Edward, who learned to read under emergency circumstances in Santa's Book of Names (1993), reads everything now: cereal boxes, mail-order catalogs, and every book he can get his hands on, especially adventure stories. An old book about undiscovered pirate treasure that he finds in a dusty recess of his public library attracts a band of shadowy buccaneers; they materialize in Edward's bedroom one night and demand the book, believing it will guide them to their lost hoard. Edward, good library patron that he is, refuses to hand it over: ``It's checked out on my library card- -you'll have to wait till I return it.'' The pirates bluster and threaten, Edward's parents ride in for the rescue as Joan of Arc and Robin Hood, but all is resolved peacefully when Edward discovers that the pirates can't read and offers to read to them. This is a wonderful adventure on the high seas of a child's imagination, with an accomplished pen-and-ink artist showing himself equally proficient in chiaroscuro in deep-toned, textured acrylics. Edward and his large, faithful teddy are irresistible and are scheduled to return, if the book's last sentence is any indication: ``Some pirate treasure has never been found. . . .'' (Picture book. 4-8)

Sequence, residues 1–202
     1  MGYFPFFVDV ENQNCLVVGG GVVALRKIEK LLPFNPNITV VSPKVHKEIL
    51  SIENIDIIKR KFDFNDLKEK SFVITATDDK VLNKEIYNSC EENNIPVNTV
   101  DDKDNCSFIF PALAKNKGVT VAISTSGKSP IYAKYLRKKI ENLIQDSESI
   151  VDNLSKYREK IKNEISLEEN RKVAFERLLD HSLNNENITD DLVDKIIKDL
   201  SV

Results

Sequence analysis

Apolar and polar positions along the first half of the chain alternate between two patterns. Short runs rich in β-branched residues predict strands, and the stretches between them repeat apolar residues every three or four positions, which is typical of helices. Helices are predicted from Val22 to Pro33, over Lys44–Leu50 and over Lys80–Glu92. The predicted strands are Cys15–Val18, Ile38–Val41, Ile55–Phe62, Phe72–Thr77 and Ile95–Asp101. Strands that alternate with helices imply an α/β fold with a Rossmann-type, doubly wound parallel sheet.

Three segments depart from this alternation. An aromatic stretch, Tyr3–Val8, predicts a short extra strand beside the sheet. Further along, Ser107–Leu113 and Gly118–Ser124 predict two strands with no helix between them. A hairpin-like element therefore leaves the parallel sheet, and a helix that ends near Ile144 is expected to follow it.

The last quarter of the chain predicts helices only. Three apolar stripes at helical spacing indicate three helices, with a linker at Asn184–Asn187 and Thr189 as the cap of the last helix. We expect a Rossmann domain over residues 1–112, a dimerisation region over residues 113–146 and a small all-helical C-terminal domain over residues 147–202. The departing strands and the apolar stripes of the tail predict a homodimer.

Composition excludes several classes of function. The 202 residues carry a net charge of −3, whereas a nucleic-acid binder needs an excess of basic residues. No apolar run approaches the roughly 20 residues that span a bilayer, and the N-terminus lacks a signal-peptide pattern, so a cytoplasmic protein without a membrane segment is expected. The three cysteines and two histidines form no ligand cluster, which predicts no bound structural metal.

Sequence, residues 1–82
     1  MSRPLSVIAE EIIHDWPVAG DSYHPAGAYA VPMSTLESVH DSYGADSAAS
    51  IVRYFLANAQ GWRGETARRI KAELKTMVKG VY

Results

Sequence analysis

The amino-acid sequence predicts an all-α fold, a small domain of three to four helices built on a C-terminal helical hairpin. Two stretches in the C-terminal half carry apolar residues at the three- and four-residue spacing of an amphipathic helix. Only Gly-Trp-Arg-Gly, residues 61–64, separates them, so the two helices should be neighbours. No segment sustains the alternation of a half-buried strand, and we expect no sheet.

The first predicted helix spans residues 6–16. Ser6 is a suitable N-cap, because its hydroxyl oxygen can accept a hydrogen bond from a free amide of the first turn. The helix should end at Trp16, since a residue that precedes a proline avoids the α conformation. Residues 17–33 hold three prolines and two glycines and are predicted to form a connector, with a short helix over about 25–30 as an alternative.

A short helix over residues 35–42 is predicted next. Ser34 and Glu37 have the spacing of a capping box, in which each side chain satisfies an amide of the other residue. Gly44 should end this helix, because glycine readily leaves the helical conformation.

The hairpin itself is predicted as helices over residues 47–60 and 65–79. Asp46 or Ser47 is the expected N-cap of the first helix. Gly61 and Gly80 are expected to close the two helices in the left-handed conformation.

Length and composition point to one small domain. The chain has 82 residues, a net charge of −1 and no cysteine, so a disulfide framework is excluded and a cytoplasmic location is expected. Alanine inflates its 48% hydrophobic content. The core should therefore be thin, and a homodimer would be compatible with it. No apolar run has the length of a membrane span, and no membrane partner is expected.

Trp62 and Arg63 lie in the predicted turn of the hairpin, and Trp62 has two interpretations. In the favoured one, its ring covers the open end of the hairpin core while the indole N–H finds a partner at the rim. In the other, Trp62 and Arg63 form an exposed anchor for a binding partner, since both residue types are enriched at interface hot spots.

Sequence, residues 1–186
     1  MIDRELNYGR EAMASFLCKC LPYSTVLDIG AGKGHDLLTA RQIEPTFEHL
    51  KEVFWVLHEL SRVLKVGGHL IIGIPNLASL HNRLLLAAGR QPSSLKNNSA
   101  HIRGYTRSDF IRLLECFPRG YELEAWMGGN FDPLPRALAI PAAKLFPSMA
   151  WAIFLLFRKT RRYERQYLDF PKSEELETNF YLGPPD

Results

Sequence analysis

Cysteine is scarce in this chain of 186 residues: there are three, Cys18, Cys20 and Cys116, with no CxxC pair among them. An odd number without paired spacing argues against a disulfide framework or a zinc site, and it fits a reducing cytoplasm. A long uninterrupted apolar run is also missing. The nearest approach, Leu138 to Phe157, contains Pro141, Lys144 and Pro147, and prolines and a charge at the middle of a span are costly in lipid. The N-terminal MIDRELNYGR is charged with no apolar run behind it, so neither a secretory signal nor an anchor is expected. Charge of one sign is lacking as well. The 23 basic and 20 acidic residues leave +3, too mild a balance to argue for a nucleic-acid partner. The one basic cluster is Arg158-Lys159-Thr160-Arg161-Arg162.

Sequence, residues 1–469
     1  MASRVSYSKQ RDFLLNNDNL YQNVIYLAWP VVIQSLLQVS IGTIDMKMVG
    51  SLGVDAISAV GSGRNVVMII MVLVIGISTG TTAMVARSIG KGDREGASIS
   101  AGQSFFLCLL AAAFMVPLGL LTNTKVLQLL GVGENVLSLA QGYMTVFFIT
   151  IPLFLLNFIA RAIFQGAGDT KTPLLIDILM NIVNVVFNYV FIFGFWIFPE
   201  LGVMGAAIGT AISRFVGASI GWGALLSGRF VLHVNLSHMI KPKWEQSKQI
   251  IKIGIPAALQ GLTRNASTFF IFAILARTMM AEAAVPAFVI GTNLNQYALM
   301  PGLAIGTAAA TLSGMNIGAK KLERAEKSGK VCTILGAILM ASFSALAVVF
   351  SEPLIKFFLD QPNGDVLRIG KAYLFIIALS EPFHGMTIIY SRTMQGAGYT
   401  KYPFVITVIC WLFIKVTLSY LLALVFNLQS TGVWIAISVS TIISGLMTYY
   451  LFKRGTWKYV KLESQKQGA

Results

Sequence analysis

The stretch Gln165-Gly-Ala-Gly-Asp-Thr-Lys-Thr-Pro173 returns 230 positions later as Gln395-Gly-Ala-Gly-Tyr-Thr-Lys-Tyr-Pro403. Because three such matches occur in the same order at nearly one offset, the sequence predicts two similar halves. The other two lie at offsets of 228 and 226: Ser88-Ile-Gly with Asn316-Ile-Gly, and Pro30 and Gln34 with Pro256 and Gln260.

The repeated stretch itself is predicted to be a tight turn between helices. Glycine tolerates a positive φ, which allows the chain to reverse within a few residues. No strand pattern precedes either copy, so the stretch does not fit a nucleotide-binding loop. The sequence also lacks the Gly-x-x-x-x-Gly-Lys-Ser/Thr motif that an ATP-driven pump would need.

Booklist Review

Ages 4^-8. In this sequel to Santa's Book of Names (1993), Edward has become a voracious reader. Often the adventures portrayed on the printed page become very real to him, as they do when he begins a story about some lost pirate treasure. The pirates kidnap Edward, and he must count on the heroes from earlier stories (Mother dressed as Joan of Arc and Father as Robin Hood) to rescue him from their clutches. As it turns out, the pirates only want to be read to, and Edward happily obliges. McPhail's rich acrylic paintings exude a dark and mysterious aura and feature many sinister-looking characters from Edward's books lurking around every corner. A welcome promotion for the power of reading, this will make a great choice for Book Week story hours and should be popular with adventure fans everywhere. --Kay Weisman